The amount of losses caused by company insolvencies rose significantly in 2016, despite the declining number of cases. The insolvency losses totalled 27 billion euros in 2016. Compared to the year before, this is an increase of almost 54 percent (2015: 17.5 billion euros). Multiple collapses of economically important companies are responsible for this dramatic increase. Prominent examples from last year are the companies Steilmann, Sinn-Leffers, or German Pellets. On average, each company insolvency in 2016 amounted to a loss of approximately 1.2 million euros. The domino effect resulting from the high insolvency losses, for example on suppliers or partners, can also place previously stable companies into difficulty, thus leading to associated insolvencies.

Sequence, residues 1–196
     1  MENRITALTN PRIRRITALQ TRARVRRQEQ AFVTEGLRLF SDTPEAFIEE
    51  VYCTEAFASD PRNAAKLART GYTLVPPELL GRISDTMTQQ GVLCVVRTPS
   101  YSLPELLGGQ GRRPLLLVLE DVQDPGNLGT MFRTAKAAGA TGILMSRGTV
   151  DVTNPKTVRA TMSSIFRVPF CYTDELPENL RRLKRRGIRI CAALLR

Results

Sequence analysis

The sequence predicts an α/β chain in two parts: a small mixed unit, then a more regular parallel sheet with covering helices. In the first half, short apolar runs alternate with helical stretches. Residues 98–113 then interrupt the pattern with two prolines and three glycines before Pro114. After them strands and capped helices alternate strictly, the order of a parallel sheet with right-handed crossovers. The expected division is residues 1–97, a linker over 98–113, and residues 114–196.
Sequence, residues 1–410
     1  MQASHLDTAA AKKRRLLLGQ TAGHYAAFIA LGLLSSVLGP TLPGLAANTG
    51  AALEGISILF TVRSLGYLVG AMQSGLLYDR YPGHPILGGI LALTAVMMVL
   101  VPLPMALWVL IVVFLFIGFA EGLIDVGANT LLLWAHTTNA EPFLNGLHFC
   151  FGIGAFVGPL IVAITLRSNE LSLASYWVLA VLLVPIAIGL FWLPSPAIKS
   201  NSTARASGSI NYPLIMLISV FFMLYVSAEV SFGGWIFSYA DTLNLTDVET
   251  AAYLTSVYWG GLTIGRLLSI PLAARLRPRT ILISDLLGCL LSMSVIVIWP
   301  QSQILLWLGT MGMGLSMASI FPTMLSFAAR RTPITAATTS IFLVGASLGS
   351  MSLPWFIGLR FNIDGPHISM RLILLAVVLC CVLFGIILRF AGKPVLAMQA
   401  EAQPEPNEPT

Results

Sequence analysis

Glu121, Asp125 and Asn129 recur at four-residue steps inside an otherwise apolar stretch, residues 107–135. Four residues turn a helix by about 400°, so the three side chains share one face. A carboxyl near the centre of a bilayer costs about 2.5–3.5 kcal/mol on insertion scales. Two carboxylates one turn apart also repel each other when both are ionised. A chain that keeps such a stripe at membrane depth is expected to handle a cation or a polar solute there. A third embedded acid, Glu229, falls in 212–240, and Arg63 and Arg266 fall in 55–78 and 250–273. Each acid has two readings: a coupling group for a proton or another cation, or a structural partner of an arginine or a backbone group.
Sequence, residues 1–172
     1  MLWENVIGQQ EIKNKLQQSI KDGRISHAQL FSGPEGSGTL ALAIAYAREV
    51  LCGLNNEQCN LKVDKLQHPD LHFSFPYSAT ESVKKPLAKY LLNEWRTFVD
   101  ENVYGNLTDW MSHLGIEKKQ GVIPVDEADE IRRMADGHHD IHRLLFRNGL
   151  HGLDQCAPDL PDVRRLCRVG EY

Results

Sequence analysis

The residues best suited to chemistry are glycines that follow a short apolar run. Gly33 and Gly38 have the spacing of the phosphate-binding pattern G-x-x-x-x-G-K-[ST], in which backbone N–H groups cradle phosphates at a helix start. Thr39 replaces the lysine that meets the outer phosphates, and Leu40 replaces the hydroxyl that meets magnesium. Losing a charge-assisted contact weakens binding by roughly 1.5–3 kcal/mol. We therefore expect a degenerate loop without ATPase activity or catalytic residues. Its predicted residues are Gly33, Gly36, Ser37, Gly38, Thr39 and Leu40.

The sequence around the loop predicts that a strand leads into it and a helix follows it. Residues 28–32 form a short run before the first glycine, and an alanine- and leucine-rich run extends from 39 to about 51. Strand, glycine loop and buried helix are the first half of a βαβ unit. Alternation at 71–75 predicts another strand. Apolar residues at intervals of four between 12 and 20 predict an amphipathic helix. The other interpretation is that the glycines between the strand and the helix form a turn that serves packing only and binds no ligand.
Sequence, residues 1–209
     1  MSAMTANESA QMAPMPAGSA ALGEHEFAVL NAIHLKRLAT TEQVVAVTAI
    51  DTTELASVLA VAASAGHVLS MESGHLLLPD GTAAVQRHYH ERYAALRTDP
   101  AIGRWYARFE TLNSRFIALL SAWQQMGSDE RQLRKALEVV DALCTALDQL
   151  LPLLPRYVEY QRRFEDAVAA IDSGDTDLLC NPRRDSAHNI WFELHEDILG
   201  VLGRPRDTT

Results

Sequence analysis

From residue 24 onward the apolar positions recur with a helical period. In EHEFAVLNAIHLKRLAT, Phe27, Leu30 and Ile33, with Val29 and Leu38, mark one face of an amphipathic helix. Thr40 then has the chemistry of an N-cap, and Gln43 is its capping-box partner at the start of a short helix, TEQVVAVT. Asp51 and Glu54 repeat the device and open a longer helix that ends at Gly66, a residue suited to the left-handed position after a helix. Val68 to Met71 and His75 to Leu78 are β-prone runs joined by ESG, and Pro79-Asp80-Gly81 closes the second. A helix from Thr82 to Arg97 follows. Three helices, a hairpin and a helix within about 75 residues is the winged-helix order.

3. Comparison of the federal states: Most of the bankruptcies are in Bremen and North Rhine-Westphalia

A look at the federal states shows that there are pronounced regional differences for company insolvencies. In absolute figures, North Rhine-Westphalia (6,678 company insolvencies), Bavaria (2,777), Lower Saxony (1882), and Baden-Württemberg (1,741) are at the top of the statistics.

The analysis of the insolvency density (company insolvencies per 10,000 companies) shows a slightly different result. Consequently, most cases were in North Rhine-Westphalia and Bremen with 100 insolvencies per 10,000 companies throughout Germany. The national average in 2016 was 67 bankruptcies per 10,000 companies. Saarland (98), Hamburg (95), Berlin (88), Schleswig-Holstein (86), and Saxony-Anhalt (79) clearly exceed this amount. Saxony (73) and Lower Saxony (69) are slightly above the average amount. The fewest bankruptcies in 2016 were in Baden-Württemberg, with 39 bankruptcies per 10,000 companies. However, companies also had to file relatively few insolvencies in Thuringia (44), Bavaria (46), Rheinland-Pfalz (49), and Brandenburg (55).